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Canada's discrimination in the hiring process

Canada's discrimination in the hiring process

Credit: CHEYENNE DOCKSTADER

Opinion: Hiring should be based on a person’s merit and value to the team, not the colour of their skin, country of origin, or if their name is too long or unpronounceable to the employer.


Salma Hussein | Interrobang | Opinion | January 22nd, 2021




Editorial opinions or comments expressed in this online edition of Interrobang newspaper reflect the views of the writer and are not those of the Interrobang or the Fanshawe Student Union. The Interrobang is published weekly by the Fanshawe Student Union at 1001 Fanshawe College Blvd., P.O. Box 7005, London, Ontario, N5Y 5R6 and distributed through the Fanshawe College community. Letters to the editor are welcome. All letters are subject to editing and should be emailed. All letters must be accompanied by contact information. Letters can also be submitted online by clicking here.
Going into an interview can already be stressful enough without having to think of the colour of your skin, size of your body, gender, or ethnicity as reasons to hold you back. Recent studies show that minorities in Canada face more discrimination problems than those in the United States.

Dr. Eddy Ng, a professor at Dalhousie University, was recently interviewed by CTV news and shared his opinion on the matter. He theorized that the discrimination stems from the belief that specific cultural and ethnic groups are related with certain professions. He said the recent study on discrimination in Canada showed that Black Canadians are “more often wrongly associated with low level jobs, such as janitorial work.”

Another reason for ethnic discrimination when hiring is the appeal to the business. Ng conducted many studies that have shown what is “best for the business” surpasses moral standards when it comes to the decision in hiring.

Unfortunately, even after being hired as a minority, having a diverse workplace becomes a high expense for companies. If there is no “monetary return” then companies will not partake in making inclusion practices, according to Ng. However, if it benefits their business, corporations will not hesitate to add a pride flag, for example, to lure that demographic of customers in.

The article touches on an outdated Employment Equity Act (EEA) that is part of the reason why Canada is very high on the discrimination practices in hiring compared to other countries. The EEA is a federal legislation that only pertains to corporations and businesses that are regulated federally under Canada’s constitution. Therefore, the only places that are enforced to create diverse and inclusive workplaces are three main industries: financial services, telecommunications and transportation.

The best way to fix this problem is to review the EEA more frequently, for example, every five years, as Dr. Ng suggests, as it has only been reviewed once, in 1995 since its creation in 1986.

There are other factors that may seem fair to anyone who reads the requirements to hiring individuals but are in fact discriminatory to many new Canadians. For example, requiring that Canadian experience is mandatory before hire is discriminatory. In truth, it is illegal under The Ontario Human Rights Code.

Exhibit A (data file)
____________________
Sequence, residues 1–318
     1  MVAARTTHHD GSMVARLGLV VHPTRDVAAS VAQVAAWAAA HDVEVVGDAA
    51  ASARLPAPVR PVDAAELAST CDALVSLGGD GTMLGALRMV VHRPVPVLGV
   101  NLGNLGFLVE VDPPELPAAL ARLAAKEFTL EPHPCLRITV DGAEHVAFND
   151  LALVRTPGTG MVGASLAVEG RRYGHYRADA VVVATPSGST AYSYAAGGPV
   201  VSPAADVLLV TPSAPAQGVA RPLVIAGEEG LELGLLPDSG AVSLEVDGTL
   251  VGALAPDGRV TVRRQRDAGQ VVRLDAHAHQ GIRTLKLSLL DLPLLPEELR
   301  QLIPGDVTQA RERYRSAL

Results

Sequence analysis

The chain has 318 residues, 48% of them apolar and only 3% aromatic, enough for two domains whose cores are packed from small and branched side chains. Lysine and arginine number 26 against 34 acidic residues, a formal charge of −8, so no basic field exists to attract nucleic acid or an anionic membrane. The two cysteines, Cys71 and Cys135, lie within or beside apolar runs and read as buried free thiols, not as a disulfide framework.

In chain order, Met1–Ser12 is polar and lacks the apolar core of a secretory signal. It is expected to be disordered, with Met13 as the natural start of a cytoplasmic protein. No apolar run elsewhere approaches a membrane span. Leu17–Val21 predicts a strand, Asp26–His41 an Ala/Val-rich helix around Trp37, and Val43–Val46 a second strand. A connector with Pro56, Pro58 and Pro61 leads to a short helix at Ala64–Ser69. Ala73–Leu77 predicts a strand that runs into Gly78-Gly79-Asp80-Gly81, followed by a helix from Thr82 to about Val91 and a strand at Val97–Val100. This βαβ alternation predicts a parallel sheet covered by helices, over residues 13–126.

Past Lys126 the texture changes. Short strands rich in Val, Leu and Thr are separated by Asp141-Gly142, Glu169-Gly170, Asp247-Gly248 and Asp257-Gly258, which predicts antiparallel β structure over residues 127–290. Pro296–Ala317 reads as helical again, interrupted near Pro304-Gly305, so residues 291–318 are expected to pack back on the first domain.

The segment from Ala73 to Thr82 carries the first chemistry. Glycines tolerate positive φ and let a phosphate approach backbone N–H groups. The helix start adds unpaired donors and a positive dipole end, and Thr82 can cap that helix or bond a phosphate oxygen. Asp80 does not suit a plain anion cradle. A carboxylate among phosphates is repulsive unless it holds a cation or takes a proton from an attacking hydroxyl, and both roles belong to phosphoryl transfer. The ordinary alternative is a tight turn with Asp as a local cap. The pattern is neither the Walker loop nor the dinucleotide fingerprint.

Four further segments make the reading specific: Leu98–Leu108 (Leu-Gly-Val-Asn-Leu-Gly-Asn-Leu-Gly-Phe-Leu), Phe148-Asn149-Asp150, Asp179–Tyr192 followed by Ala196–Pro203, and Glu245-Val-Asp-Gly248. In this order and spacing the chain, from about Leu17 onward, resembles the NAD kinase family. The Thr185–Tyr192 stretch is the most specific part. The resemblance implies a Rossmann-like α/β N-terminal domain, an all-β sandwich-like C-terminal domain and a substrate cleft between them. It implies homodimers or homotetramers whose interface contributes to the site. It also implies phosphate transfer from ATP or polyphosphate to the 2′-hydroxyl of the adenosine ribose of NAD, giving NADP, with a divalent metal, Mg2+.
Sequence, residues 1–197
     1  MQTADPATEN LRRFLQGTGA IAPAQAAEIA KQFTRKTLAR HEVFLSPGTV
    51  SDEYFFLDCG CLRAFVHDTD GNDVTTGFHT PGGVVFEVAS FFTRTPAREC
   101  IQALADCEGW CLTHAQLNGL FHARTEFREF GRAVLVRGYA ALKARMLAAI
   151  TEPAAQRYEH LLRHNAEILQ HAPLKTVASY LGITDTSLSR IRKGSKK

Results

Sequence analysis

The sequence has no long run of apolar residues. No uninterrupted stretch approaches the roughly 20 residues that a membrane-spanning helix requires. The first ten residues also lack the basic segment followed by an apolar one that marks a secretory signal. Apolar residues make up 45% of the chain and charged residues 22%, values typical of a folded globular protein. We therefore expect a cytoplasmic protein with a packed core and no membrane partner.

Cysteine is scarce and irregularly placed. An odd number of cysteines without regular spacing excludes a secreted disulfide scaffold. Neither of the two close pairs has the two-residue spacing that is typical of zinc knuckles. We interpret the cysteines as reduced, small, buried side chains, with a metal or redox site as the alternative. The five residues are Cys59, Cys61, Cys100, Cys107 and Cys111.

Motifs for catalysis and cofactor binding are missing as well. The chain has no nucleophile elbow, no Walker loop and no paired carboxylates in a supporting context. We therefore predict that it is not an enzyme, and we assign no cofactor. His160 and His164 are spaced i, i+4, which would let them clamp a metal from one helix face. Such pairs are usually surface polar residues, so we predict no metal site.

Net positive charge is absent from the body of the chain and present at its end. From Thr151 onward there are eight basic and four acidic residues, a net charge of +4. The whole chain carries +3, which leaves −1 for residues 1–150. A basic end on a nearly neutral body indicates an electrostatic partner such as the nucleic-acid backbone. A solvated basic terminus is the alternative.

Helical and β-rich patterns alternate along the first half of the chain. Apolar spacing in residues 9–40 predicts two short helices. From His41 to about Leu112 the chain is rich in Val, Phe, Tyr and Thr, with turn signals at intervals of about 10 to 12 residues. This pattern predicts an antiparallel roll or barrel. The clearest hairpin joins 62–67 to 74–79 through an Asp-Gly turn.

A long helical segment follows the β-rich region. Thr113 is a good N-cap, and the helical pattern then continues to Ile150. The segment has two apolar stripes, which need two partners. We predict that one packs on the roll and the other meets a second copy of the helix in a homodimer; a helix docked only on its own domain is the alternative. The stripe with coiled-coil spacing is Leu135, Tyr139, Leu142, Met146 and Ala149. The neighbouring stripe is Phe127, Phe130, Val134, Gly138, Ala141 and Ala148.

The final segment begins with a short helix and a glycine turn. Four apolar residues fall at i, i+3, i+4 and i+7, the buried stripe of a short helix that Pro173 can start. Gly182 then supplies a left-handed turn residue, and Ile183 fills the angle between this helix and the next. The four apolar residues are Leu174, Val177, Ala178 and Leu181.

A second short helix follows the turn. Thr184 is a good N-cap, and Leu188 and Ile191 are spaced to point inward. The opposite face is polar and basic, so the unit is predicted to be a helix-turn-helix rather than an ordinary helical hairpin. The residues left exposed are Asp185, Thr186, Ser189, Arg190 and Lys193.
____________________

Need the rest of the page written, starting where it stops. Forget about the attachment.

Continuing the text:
Many employers believe that people are only fit for a Canadian job if they have previous experience in a Canadian workplace. For this reason, there are many taxi drivers, and bus drivers who are overqualified for their jobs, unable to work in their fields because they simply do not have experience in Canada.

Acquiring the proper credentials to qualify for a job in Canada that is equivalent to the career newcomers had in their previous home countries could take years and not to mention a sizable fortune. However, white-European newcomers are not usually under this category as their experience is not as undervalued, even though non-European immigrants who have nearly identical education and experience are not privy to the same standards. Therein lies the discrimination based on ethnicity right from recruitment process, simply because of country of origin.

According to Retail Insider, 80 per cent of all immigrants to Canada have a post-secondary degree, however, immigrant unemployment rate is almost double than Canadian-born citizens. The insider continues to say that after doing research on recruitment based on applicant names, those with foreign names are less likely to be considered for employment than those without foreign names.

Recruitment should be based on the person’s merit and value they bring to the workplace, not based on the location where they acquired their experience. The insider emphasizes the importance for human resources leaders to take the initiative in creating opportunities for Canadian workers to obtain interviews by complying to the Canadian Human Rights Codes.

Assessing all previous work experience instead of simply following a groundless rule to only hire based on Canadian work experience, should be enforced in order to provide all candidates, no matter where they are from, how they look, what they believe in, a fair chance.
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